We love our dogs and they become an integral part of our family. And, of course, we want them to live a long, healthy life; how long do our dogs live? There are many factors that can determine a dog’s life span and size is one of the most obvious. Most of the larger breeds live to be about 10 years old, while some small dogs can live as long as 14 years. Smaller dogs tend to live longer because their internal organs do not have to work as hard to function.
Below are some tips to enable your dogs to live a long time!
Make sure to visit your vet regularly
Visit your veterinarian frequently. Most vets recommend a check-up once every 6 months when your dog reaches his senior years. Blood tests, X-rays, ultrasound, CAT scans or MRIs might be necessary. Make sure to tell your vet about any changes in your pet's stamina, appetite or behavior, when it began and what might have triggered it.
During those visits, make sure to have your dog’s hearing and eyesight checked. It's not unusual for an elderly dog's eyes to look cloudy, and the condition may not signal illness. Like humans, however, they can develop cataracts and glaucoma, and can experience hearing loss. If your dog is seemingly disoriented or is startled when you approach, your pup might be losing his or her hearing.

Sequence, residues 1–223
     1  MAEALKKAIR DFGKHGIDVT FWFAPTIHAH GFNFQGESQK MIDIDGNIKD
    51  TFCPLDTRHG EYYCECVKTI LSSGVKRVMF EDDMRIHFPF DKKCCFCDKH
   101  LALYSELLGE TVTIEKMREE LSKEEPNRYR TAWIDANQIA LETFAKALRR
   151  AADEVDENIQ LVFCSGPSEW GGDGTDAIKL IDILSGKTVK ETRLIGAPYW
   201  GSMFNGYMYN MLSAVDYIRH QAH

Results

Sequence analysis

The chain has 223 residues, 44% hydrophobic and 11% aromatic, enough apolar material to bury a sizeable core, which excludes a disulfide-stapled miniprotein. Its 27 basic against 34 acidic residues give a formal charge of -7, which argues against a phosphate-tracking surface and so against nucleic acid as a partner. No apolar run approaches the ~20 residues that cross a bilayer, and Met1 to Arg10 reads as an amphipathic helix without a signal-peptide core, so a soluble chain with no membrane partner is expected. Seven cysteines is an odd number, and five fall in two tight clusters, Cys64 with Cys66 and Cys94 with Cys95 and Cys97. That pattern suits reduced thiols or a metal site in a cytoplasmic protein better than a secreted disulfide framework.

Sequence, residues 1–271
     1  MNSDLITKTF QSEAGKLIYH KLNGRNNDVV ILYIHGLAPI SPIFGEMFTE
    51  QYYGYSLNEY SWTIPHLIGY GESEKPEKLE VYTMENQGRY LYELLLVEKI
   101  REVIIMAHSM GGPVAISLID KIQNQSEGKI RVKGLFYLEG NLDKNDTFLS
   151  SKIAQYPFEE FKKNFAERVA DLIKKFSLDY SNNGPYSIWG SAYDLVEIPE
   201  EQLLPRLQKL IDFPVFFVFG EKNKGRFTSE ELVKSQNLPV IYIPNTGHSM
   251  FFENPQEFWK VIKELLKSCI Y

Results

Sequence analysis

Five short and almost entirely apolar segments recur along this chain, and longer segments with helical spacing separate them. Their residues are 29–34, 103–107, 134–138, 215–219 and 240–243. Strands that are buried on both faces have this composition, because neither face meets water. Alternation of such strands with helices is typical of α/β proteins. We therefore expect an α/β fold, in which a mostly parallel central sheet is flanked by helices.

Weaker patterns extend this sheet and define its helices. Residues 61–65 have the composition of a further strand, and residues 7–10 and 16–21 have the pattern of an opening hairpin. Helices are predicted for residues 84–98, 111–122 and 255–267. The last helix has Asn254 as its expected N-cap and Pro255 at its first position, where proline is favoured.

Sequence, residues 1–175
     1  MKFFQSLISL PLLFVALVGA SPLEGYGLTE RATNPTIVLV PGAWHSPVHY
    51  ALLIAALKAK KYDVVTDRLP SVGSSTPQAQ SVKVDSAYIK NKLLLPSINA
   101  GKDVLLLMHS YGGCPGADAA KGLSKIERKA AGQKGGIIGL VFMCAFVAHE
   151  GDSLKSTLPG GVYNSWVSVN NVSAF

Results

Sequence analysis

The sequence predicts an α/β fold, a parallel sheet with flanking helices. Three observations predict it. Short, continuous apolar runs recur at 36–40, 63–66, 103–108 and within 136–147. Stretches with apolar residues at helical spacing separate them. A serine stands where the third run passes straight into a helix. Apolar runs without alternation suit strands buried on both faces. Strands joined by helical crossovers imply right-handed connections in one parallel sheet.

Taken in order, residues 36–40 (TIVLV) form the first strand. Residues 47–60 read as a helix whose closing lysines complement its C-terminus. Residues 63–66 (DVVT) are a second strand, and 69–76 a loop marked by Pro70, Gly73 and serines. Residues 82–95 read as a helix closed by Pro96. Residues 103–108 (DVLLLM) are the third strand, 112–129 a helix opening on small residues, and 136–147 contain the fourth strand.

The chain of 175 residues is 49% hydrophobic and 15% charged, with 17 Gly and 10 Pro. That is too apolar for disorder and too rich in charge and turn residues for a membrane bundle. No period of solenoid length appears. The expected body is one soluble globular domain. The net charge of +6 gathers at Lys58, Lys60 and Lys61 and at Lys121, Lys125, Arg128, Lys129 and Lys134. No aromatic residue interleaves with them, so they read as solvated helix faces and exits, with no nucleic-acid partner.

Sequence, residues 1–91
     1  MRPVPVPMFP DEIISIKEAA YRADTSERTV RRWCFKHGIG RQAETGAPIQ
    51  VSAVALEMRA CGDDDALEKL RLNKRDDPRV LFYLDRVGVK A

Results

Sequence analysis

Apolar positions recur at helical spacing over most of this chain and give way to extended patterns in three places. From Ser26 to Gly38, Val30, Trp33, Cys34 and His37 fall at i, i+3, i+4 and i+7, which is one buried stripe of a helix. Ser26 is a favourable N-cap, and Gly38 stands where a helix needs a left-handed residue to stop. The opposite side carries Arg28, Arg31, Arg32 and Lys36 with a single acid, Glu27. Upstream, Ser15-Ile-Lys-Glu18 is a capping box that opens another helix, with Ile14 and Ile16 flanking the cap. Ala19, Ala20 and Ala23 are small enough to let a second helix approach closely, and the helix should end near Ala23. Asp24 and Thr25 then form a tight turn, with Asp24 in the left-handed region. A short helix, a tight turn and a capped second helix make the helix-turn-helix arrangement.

Groom your dog often and try to brush your dog’s teeth
By grooming your dog regularly, you can not only keep his fur detangled, but can check for any bumps or lesions that you might not have noticed.
If you can, try to brush your dog's teeth daily. This staves off tooth decay and helps prevent gum disease and tooth loss. Brushing regularly will also allow you to notice mouth and tongue ulcers early on.
Keep your dog active